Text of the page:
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Alliance formed to oppose tolls on existing interstates

ATFI is focused on educating the public and policymakers about the negative impact that tolling existing interstates will have on citizens, businesses and the U.S. economy. (The Trucker file photo)

The Trucker News Services


RICHMOND, Va. — Businesses and organizations from numerous sectors of the U.S. economy, as well as individual citizens, have launched a national coalition opposing tolls on existing federal interstates.

The Alliance for Toll-Free Interstates (ATFI) is a broad-based organization united by the belief that a viable, sustainable solution to America's transportation funding needs must not include putting new tolls on existing interstates.

ATFI is focused on educating the public and policymakers about the negative impact that tolling existing interstates will have on citizens, businesses and the U.S. economy, organization officials said.

ATFI is composed of associations representing restaurants, trucking companies, truckstops and travel plazas as well as the moving and storage industry, vehicle rental industry, motorists and motorcyclists.  The alliance also has many companies and individual citizen members who oppose tolls.

Among the more than 100 alliance members are the American Trucking Associations, FedEx, the Moving and Storage Association, NATSO, Old Dominion Freight Line, the Specialized Carriers and Rigging Association, the Truckload Carriers Association and UPS.

Many businesses are concerned that tolls on existing interstates will impact their bottom line, especially establishments that serve customers traveling the interstate, the alliance reported in a news release.

"Since its inception, the federal Interstate Highway System has facilitated unrestricted commerce and travel throughout the country,” Jay Perron, ATFI member and vice president of government affairs and public policy for the International Franchise Association. “It is vital to the U.S. supply chain and has revolutionized the way America does business. Tolling existing interstates would reverse this progress, raising costs for travelers, businesses, and consumers, and harming the many businesses and communities located along interstate routes subject to new tolls."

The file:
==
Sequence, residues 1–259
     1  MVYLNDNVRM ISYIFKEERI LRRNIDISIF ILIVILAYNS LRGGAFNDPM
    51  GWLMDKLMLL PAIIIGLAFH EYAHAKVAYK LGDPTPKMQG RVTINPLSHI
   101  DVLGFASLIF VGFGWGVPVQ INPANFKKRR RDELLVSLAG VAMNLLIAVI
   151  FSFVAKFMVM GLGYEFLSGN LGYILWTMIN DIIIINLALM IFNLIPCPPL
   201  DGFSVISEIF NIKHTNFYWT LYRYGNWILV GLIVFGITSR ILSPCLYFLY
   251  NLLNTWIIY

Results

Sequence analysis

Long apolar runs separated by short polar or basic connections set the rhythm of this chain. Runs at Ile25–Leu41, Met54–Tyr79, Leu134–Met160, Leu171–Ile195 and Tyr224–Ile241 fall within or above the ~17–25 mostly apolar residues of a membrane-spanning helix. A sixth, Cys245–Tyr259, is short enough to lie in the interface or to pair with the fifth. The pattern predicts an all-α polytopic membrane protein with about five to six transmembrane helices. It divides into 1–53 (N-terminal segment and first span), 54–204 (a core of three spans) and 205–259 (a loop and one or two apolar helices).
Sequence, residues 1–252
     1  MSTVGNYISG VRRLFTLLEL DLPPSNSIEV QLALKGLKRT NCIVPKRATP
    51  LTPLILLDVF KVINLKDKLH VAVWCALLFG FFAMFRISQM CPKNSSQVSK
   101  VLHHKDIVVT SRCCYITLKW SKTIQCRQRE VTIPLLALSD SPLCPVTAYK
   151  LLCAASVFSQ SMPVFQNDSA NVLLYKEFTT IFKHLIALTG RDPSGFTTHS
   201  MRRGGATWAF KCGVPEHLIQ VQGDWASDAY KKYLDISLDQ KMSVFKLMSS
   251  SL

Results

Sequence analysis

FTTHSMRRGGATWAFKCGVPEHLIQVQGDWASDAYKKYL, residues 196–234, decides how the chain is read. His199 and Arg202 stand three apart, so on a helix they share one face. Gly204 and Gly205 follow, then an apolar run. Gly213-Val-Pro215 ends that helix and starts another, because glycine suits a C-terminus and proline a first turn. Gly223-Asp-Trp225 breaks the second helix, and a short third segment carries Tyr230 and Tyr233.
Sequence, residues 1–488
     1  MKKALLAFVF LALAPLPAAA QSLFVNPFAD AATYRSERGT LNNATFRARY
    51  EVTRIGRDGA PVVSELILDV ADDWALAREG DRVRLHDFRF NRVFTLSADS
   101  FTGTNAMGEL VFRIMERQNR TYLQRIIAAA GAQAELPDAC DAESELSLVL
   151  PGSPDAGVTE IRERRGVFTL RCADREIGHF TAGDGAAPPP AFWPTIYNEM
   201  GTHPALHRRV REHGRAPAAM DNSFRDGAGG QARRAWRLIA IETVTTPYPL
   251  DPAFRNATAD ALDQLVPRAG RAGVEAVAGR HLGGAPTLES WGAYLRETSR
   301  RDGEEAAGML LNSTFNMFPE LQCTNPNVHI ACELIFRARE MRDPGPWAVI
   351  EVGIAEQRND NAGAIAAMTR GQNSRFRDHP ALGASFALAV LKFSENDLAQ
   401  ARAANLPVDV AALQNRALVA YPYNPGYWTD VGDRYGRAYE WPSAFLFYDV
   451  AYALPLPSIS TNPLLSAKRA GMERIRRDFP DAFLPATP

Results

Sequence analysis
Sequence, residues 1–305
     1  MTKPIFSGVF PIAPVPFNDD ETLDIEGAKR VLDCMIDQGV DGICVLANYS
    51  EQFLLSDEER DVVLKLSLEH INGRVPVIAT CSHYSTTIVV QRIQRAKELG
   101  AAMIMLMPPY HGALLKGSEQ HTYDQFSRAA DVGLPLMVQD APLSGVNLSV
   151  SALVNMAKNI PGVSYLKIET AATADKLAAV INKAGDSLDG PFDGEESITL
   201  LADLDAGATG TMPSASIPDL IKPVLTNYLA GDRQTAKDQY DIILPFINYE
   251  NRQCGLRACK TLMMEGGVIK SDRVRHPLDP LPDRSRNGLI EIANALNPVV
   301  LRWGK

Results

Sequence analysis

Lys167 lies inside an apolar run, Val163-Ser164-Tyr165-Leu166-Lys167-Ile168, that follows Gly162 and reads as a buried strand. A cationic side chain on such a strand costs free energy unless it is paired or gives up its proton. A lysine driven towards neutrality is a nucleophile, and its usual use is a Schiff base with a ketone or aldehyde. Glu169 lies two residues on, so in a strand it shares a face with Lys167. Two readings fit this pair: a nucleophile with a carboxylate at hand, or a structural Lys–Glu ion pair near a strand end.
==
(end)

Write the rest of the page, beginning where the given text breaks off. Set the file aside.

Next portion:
Logistics companies such as Old Dominion Freight Line are also concerned about the increased business cost of tolling existing interstate lanes.

"The creation of the federal highway system opened an avenue of commerce never before seen in the U.S. This concept of unrestricted movement is a pillar of the modern economy,” Bill Cranfill, general counsel for Old Dominion Freight Line and member of ATFI, said. “We support increased funding for highways but oppose tolls on current federal interstate capacity. Tolls are an inefficient method of funding, would increase the cost of moving goods, and would decrease efficiency by pushing interstate traffic onto less safe and slower local roads."

While federal law prohibits tolls on existing interstate highway lanes, a federal pilot program allows three states to place tolls on existing lanes within their borders.

Since the program was created, numerous states have spent millions of dollars seeking Federal Highway Administration approval, the alliance said, adding that because of public opposition, among other reasons, not one state has implemented tolling under the program.

ATFI is calling on Congress to repeal  the pilot program.

With Congress debating long-term transportation funding and states looking for additional revenue, the tolling industry is pressuring lawmakers to open existing federal interstate capacity to tolls.

Numerous studies analyzing the impacts of tolling existing interstate lanes have found that tolls create significant traffic diversion onto secondary roads, carry an astronomically high cost to administer and hurt the local and regional economies surrounding the toll facilities, the alliance said.

The Trucker staff can be reached to comment on this article at editor@thetrucker.com.

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